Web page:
Keith Haddock explains the fascinating history of Browning steam shovels that were developed in Ohio during the early 20th century.
In 1899, Victor R and Earl H Browning established the Browning Engineering Company in Cleveland, Ohio, USA. From the outset, this industrial company manufactured locomotive cranes as well as coal and ore handling equipment for use on the shores of the Great Lakes.
By 1908, the company was offering two sizes of rail-mounted, fully-revolving steam shovels in ½ and 1 cubic yard sizes and, by 1910, two sizes of heavy-duty railroad (half-swing) steam shovels appeared. The 1½-yard size weighed 45 tons in operation and carried a 50in x 10ft long boiler; the 2½-yard size weighed 75 tons and carried a 48in x 18ft long boiler. At about this time, the company introduced ‘Scraper Bucket Excavators’ (Draglines) in sizes from 1 to 3½ cubic yards, mounted on skids and rollers or rail tracks. From 1911, the company built, to special order, rail-mounted stripping shovels with booms up to 75 feet and dippers to 3½-yards capacity.
Locomotive cranes were always a prominent part of Browning’s business and, following success on the Mexican Railways with a large self-propelled railroad wrecking crane fitted with a shovel attachment, Browning offered shovel conversions for all its locomotive cranes and promoted their use for crane work as well as excavation duties. By 1912, the company had built a wide range of rail-mounted locomotive cranes (convertible to shovels), railroad wrecking cranes and the Browning Railroad Ditcher.
Literature describes the operation of the Ditcher as follows: A train of empty flat wagons is provided, with the Ditcher placed on the one farthest from the locomotive. The Ditcher travels on two rail sections placed on top of the wagons and digs from the side of the train, loading the wagons behind it as it gradually travels toward the locomotive. As it progresses along the train, it transfers one track section forward after the other. When the train is loaded it is hauled to the dumping point and unloaded.
In the early part of the 20th century, the Browning company prospered and additional manufacturing facilities were established under different company names. In 1908 three were listed: the original Browning Engineering Company with works at Collinwood, near Cleveland; the Browning Manufacturing Company with works at Mansfield, Ohio; Browning Foundry Company with works at Ravenna, Ohio. From 1912 to about 1930, the corporate history of Browning is poorly documented because it traded under a number of different names. Literature dated 1920 under the name ‘The Browning Company’ depicts revolving steam shovels, railroad ditchers, wrecking cranes, clam shell buckets (grabs) and pile drivers.
From about 1926, the company traded under the name Victor R Browning Co., founder Earl H Browning having left to pursue other business interests. By this time the company had built many types of cranes, including overhead types with grabs, dockside cranes, straddle cranes, ship unloaders, crawler and rail-mounted excavators, and rail-mounted stripping shovels.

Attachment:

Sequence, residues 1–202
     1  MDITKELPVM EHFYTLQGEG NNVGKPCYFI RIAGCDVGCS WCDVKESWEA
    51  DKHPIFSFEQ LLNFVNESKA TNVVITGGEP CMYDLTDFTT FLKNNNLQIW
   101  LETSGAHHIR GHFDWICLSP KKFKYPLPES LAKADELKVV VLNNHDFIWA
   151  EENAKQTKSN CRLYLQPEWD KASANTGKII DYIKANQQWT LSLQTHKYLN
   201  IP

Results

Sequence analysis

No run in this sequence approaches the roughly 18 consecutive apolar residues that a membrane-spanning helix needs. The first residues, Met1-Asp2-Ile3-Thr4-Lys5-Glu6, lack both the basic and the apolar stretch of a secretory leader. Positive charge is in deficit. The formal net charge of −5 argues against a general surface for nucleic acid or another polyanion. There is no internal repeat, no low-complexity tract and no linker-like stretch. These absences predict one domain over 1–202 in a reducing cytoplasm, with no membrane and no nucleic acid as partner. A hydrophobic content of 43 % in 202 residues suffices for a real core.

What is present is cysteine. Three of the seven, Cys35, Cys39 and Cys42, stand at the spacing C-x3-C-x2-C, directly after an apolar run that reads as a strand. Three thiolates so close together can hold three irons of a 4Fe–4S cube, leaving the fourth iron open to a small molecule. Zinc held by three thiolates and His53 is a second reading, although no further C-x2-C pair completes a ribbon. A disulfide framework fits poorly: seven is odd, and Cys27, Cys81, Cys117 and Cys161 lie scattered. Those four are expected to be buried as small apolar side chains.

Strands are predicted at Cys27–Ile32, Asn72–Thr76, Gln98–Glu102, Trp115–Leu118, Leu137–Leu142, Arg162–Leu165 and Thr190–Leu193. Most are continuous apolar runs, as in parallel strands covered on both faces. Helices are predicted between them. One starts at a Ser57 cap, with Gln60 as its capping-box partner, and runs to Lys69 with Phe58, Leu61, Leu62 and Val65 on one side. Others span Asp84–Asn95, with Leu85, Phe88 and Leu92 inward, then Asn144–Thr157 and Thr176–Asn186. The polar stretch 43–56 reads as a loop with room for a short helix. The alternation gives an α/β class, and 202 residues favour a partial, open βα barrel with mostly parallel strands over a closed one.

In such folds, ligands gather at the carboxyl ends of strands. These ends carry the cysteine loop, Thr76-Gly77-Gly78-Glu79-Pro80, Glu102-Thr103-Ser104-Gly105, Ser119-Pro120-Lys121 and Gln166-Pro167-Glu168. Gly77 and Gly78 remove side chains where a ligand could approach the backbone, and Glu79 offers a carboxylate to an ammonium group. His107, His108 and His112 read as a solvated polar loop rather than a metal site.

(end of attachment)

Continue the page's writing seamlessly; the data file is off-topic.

The Victor R Browning 7/8-yard revolving steam shovel weighed 25 tons and carried a 20-foot boom and 12ft 3in handle. The main hoist was provided by a pair of 6½in x 8in steam engines, and the crowding and swinging engines were 4½in x 5in double horizontal reversing types. Standard crawler shoes were 20 inches wide. Power to the crawler drive sprockets was by chain from a horizontal propel shaft in the lower works, driven through a series of gears and shafts from the hoisting engines. Steering clutches were operated from the ground by the banksman, with levers provided at each crawler drive sprocket.
By 1928, the company was known as the Browning Crane Company, still headquartered in Cleveland, but steam shovels no longer featured in production. In the early 1930s, the name was changed to the Browning Crane & Shovel Company and new models of improved petrol and diesel crawler-mounted excavators were gradually introduced. According to sales literature, some of the models marketed in the 1930s included the XE and ME (½ yard), models E and E-2 (5/8 cu yd.), K-2 (¾ yard), A-1 (7/8 yard), F and F-2 (1¼ yard), and L-1 (1½ yard). Some of these models were offered as truck-mounted cranes and excavators.
Early in 1954, Browning Crane & Shovel Company was acquired by specialist crane builder, Wellman Engineering Company of Cleveland. Later that year, Wellman merged with McDowell Company, also based in Cleveland, to form the McDowell-Wellman Engineering Company. In 1960, this company was taken over by the Ohio Locomotive Crane Company of Bucyrus, Ohio, and continued to offer designs of Browning diesel-electric locomotive cranes until the last was supplied to Brazil in 1973.
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